By Michael Gordon and Tim Funk
Bishop Phillip Davis delivers his sermon during Sunday’s service at Nations Ford Community Church. He is encouraging his members to vote for Amendment One, which President Barack Obama and others call discriminatory. Robert Lahser – firstname.lastname@example.org
Bishop Phillip Davis had not planned to talk about marriage and politics, but five minutes into his sermon at Nations Ford Community Church in Charlotte he changed his mind.
Not only should the 6,000 members of the overwhelmingly African-American congregation pray with one voice, he said, come May 8 they should vote with one, too.
“You know, we got this amendment on the ballot,” Davis said, walking to the back of the church stage, then throwing his arm around a member of the men’s choir as laughter grew.
“If I was your pastor, and I was married to him, how many of y’all would be here today? ”
Thirty-one states – in 31 tries – have approved amendments to block gay unions. Based on the polls, North Carolina is a good bet to extend the streak May 8, due in part to African-American congregations like Nations Ford.
A March 23 survey by Public Policy Polling of Raleigh showed that black voters statewide support the measure 61 percent to 30 percent. Whites: 58-38 percent in favor.
More than 80 percent of the state’s African-Americans voters are Democrats. Their support for the amendment represents a rare break with the party’s leaders and civil rights groups.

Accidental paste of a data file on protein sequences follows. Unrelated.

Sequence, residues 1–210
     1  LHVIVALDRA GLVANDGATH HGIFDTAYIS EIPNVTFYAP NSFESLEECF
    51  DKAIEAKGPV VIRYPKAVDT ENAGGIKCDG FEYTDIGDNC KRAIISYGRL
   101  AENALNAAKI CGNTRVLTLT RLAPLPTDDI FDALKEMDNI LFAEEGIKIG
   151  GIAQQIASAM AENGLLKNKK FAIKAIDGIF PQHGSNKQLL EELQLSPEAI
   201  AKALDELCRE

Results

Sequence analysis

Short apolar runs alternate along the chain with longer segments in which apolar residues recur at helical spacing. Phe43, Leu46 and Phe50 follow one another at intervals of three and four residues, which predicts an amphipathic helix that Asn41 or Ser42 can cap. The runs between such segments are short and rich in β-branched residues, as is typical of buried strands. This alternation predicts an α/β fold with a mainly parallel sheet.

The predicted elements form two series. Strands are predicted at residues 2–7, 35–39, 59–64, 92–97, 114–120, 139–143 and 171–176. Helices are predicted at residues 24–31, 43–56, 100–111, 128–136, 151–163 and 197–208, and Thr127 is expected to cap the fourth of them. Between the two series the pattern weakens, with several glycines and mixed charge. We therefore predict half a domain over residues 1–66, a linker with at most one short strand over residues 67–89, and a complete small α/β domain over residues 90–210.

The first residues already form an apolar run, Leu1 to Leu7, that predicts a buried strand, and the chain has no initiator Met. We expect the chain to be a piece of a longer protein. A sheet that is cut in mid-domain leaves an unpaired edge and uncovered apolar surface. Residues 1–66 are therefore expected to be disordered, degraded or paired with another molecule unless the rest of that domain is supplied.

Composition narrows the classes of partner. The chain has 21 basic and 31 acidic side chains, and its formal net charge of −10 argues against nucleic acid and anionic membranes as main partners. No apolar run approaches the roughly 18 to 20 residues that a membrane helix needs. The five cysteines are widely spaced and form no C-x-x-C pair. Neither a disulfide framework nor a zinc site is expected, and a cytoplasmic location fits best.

President Barack Obama, who in 2008 received more than 90 percent of the North Carolina black vote, took the unusual step this year of wading into the amendment debate, calling it discriminatory. Gov. Bev Perdue, all three major Democratic candidates for governor and many other party leaders have also spoken out against it.
The state NAACP has led the fight to defeat the amendment, which would make traditional marriage the only legal union in the state. In Charlotte, political leaders from Harvey Gantt to Mayor Anthony Foxx, both black, also oppose it.
Some black ministers, most prominently the Rev. Ricky Woods of First Baptist Church-West, have spoken
This article originally appeared on: http://www.qcitymetro.com/faith/articles/black_churches_break_with_top_dems_on_gay_marriage033527761.cfm